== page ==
And whispered words of love In tones that faltered, I gazed upon his face, it was the same— The same, but ohl how altered.
Altered, because the soul was wanting there—
The soul that bathed it with a dreamy splendour; The soul that gave to brow and eye so fair, A light so warm and tender.
I yearned to hear the voice that thrilled of old,
But there, with pallid cheek, and lips apart,
He stood with folded hands in deathlike stillness, Until the life-tide circling In my heart Seemed freezing in its chillness.
I did not note the burning tears I shed,
Nor count the weary hours I stood beside him;
To my sad heart the mystic hook of life
Disclosed the darkest lesson on its pages, And moments fraught with agony and strife Seemed long-enduring ages.
I whispered burning words of love in vain,
I spoke of bygone scenes of joy and sadness, I know not what I said, my burning brain Was goaded on to madness.
I told him of his vow, in other hours,
To love me till his heart should cease its beating; It cheered me then, as dewdrops cheer the flowers, Alas I it was as fleeting.
I told him I had thought of him at night,
When every other weary one was sleeping, Until the eyes, that he had called so bright, Grew dull and dim with weeping.
And only Hope, the angel In my heart,
That sung to me, in sweet, bewitching numbers, That death alone would rend our souls apart. Could lull mo to my slumbers.
That blessed Hope would sing to me no more—
And still, no word replying moved his lips—
No feeling lit his cheek with life-like flashes;
There, like a statue, pale and cold and still,
Then came the hitter thought that he was dead—
That I beheld his image but In seeming— I shrieked, and shrieking started from my bed— Thank heaven, I had been dreaming.
BY Kiss C. M. l.ligWICI, "He that dlggeth a pit shall fall into it"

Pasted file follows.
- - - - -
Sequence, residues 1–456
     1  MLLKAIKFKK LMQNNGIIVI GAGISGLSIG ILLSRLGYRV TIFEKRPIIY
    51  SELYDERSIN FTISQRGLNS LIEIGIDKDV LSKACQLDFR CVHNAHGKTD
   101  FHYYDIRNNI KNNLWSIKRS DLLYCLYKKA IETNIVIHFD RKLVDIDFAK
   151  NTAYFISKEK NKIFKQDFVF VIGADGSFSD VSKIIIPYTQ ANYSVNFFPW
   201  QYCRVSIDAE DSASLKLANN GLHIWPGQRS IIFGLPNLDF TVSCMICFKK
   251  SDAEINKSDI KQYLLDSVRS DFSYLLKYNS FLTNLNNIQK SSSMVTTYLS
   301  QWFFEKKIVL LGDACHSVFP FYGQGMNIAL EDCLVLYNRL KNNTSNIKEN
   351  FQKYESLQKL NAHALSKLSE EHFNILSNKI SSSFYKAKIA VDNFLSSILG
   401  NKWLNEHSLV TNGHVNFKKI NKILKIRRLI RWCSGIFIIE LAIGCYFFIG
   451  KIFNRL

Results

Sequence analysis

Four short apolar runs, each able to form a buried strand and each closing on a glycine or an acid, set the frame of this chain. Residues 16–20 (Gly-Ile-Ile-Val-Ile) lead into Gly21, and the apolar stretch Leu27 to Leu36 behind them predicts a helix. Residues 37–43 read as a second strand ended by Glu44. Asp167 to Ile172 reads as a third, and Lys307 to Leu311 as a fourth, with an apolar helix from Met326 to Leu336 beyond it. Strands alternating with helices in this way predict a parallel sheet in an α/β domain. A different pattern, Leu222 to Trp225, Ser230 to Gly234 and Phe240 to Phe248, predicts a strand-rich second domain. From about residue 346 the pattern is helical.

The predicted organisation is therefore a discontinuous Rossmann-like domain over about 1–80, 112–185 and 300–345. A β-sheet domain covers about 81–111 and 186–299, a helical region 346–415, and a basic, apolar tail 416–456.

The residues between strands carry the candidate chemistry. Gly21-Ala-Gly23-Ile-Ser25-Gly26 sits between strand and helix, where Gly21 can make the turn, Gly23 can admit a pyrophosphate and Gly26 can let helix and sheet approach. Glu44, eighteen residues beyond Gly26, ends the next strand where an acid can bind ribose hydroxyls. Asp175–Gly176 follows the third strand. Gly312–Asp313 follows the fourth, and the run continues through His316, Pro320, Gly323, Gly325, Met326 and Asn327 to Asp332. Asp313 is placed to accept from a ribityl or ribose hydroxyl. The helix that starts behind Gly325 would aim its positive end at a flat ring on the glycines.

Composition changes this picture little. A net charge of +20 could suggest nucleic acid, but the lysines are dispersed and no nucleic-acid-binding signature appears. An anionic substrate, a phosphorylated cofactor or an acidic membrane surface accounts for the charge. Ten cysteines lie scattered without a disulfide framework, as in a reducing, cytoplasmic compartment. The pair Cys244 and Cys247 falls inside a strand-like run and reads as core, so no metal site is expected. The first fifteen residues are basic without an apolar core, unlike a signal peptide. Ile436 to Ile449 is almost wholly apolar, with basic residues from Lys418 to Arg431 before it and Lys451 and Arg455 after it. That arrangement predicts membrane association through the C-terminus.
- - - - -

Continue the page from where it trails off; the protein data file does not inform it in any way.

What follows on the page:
TnnRE are incidents and combinations of circumstances in domestic life which, if faithfully recorded when they occur, would give to a succeeding age a more definite idea, a more lively impression of the spirit of bygone days than can be got from volumes of subsequent history. History, of necessity, deals mainly with public events and marked characters, exceptional from the mass of their contemporaries. We may compare its records to a map of Switzerland which gives you its stupendous mountains, its lakes, and rivers in dots and lines; while the domestic story is like a picture of Lauterbrunnen, with its characteristic narrow valley, its wonderful fall of the Staubach, its overhanging and converging cliffs, its Jungfrau in the background, and a single cottage, with its appurtenances of domestic utensils and commodities, telling the story of family life.
It is the conviction of the worth of such records that induces me to write the following story, some hints of which are taken from the archives of a Congregational church, which archives consist of a faithful record kept by its excellent minister for the space of fifty years. Some particulars are gathered from the generation that preceded me, persons not related by ties of blood to the parties, but connected with them by the vivid sympathies of village life. Other aid has been received from more apocryphal sources.
The names, alas! are now only on the rudelysculptured monuments of the burying-ground. We shall not take the liberty of using them.
We shall for onoe designate the lower valley of the Housatonic by its euphonious Indian name Owasonook, instead of that given to it by the first Puritan settlers, who, in their designation, branded the virgin valley with a memorial of the "bank-note world," the old world of stocks and brokers.